Publication: Eurasia Daily Monitor Volume: 5 Issue: 170

On June 29 Mongolia held its fifth round of parliamentary elections for the Ulsyn Ikh Khural (State Great Hural, or Parliament) since the country abandoned Communism in 1990 and held its first multiparty elections. Opposition parties cried foul; two days later the country’s capital erupted in rioting, leading the president to declare four days of martial law and the opposition parties to boycott taking their seats in parliament for two months (Montsame News Agency, June 29-July 2).

The investment community watched the contest with keen interest, as political bickering had stalled legislation intended to produce a definitive national mining law, which would open the country’s vast mineralogical resources to foreign investment.

In a signal development for newly elected democratic governments throughout the post-Soviet space, however, Mongolia’s governing and opposition parties have compromised, breaking the electoral deadlock to swear in the country’s fifth parliament since the collapse of Communism.

In common with its compatriots in Central and Eastern Europe and the former USSR, Mongols take their participatory democracy seriously, but power has seesawed between the former Communist Party, which transformed itself after 1992 into the Ardyn Khuv’sgalt Nam (Mongolian People’s Revolutionary Party, MPRP) and the Ardchilsan Nam (Democratic Party, or DP), a loose confederation of centrist and progressive parties. The MPRP retained power for six years, until the DP headed a governing coalition in 1996. In 2000 the MPRP returned to power until 2004, when it was forced to form a coalition with the Ekh Oron-Ardchilsan (Motherland Democratic Coalition, or MDC). In May 2005 MPRP candidate and former party chairman Nambaryn Enkhbayar won the presidential elections.

Enkhbayar’s political experience included serving as the country’s Prime Minister from 2000 to 2004 and as Speaker of Parliament from 2004 to 2005. Fellow MPRP member and party chairman Sanjaagiin Bayar joined Enkhbayar in November 2007, following a vote in Parliament electing him Prime Minister with 67 votes in favor and two against. When Bayar formed a 16-member coalition cabinet, which included members of three parties, 13 of the positions went to MPRP members, leaving the DP complaining loudly about cronyism and influence peddling (Olloo News Agency, December 6, 2007). In the six months before the parliamentary elections partisan politics effectively gridlocked the legislature as both parties concentrated on winning over the electorate.

While 13 parties contested the parliamentary seats in the June elections, the two main contenders were the ruling MPRP and the DP. On July 1 voter resentment over perceived electoral irregularities resulted in rioting in Ulaan Baatar. During the tumult the MPRP headquarters was burnt, five people were killed and 300 injured, and more than 700 were arrested; and Enkhbayar announced a four-day state of emergency, the first in the history of the country.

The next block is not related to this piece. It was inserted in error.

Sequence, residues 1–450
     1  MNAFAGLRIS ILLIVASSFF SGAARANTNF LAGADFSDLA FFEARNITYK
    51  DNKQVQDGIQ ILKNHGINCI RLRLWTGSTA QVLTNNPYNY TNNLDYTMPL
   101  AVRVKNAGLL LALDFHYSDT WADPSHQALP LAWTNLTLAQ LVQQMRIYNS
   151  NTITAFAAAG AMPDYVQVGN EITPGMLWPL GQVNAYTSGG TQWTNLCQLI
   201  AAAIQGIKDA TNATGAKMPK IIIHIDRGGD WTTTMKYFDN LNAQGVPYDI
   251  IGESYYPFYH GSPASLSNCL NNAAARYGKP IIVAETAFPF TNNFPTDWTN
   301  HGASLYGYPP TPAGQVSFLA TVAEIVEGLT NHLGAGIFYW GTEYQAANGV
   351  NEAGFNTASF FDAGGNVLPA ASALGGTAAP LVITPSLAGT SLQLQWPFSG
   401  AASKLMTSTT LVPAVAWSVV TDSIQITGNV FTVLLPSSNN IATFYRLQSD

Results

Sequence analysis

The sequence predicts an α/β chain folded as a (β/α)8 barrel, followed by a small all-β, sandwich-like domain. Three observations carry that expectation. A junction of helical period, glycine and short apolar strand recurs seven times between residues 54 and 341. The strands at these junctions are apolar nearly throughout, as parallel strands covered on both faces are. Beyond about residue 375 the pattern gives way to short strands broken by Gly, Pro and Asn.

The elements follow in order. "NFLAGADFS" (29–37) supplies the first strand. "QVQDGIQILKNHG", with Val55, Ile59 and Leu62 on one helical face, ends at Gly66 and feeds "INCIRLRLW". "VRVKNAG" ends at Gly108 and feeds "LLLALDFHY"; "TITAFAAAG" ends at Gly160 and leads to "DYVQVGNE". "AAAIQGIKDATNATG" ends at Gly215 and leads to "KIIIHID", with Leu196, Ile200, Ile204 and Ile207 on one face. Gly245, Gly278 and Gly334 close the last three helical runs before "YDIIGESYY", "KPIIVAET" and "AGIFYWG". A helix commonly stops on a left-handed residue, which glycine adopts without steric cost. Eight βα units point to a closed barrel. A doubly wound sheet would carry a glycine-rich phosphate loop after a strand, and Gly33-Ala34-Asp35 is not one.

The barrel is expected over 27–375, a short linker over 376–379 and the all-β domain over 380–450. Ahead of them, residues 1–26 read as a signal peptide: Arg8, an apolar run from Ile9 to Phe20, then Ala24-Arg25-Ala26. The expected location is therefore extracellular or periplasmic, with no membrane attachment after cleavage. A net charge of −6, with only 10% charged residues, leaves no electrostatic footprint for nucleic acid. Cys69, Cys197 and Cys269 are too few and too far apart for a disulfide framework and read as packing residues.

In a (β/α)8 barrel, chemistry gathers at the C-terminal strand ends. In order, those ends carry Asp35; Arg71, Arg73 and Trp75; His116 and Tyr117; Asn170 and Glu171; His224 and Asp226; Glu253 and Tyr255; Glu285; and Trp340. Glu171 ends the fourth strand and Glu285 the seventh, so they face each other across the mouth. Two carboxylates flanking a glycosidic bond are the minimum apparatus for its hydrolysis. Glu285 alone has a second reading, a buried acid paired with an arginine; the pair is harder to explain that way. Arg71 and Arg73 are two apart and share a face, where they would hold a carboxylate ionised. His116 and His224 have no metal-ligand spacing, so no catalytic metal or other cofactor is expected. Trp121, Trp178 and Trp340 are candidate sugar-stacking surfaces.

The Central Electoral Commission subsequently reported that in the voting for the 76-seat Parliament the MPRP had received 42 seats and the DP 25. However, at the July 23 opening of Parliament, the DP, citing its concerns over electoral fraud, walked out and refused to take its seats.

The MPRP and the DP then engaged in protracted negotiations, and on August 28 the DP legislators returned to parliament, which resumed its interrupted first session and swore in legislators (Olloo News Agency, August 26).

The new legislature faces a heavy agenda, including battling rising inflation, drought, and soaring energy import costs; but the issue towering over them all is finalizing the long-delayed definitive draft amendments to the country’s 1997 Mineral Law. At issue is whether the government can claim a minimum of 51 percent and 34 percent of strategically “significant” mineral deposits explored by state and private funding, respectively.

Breaking the legislative deadlock is the single most important issue facing Mongolia’s future prosperity, as the government believes that once the investment laws are codified foreign investors will quickly pump more than $10 billion into Mongolia’s mining sector.

According to government data, mining already accounts for 30 percent of Mongolia’s gross domestic product and 78 percent of its exports. A single development, the $3 billion Ivanhoe Mines and Rio Tinto Oyu Tolgoi (“Turquoise Hill”) concession, discovered in 2001, has the potential to produce 440,000 tons of copper and 320,000 ounces of gold annually over the next 35 years, according to its developers. This single development has the potential to increase Mongolia’s GDP by more than a third.

Mongolia’s mood of political compromise is all the more remarkable given its geographic position, sandwiched between Russia and China, neither of which is noted for a political culture of give and take. In two other countries of increasing interest and concern to the U.S. and European Union, Ukraine’s coalition government is splintering, while the opposition in Azerbaijan, which is scheduled to hold a presidential election next month, is already projecting that the results will be fixed. In such a tumultuous atmosphere, Mongolia is providing an example that young democracies can still achieve electoral compromise, and at the moment any lesson of political moderation in the post-Soviet space is a most welcome symbol for Eurasia’s other “at risk” democratic experiments.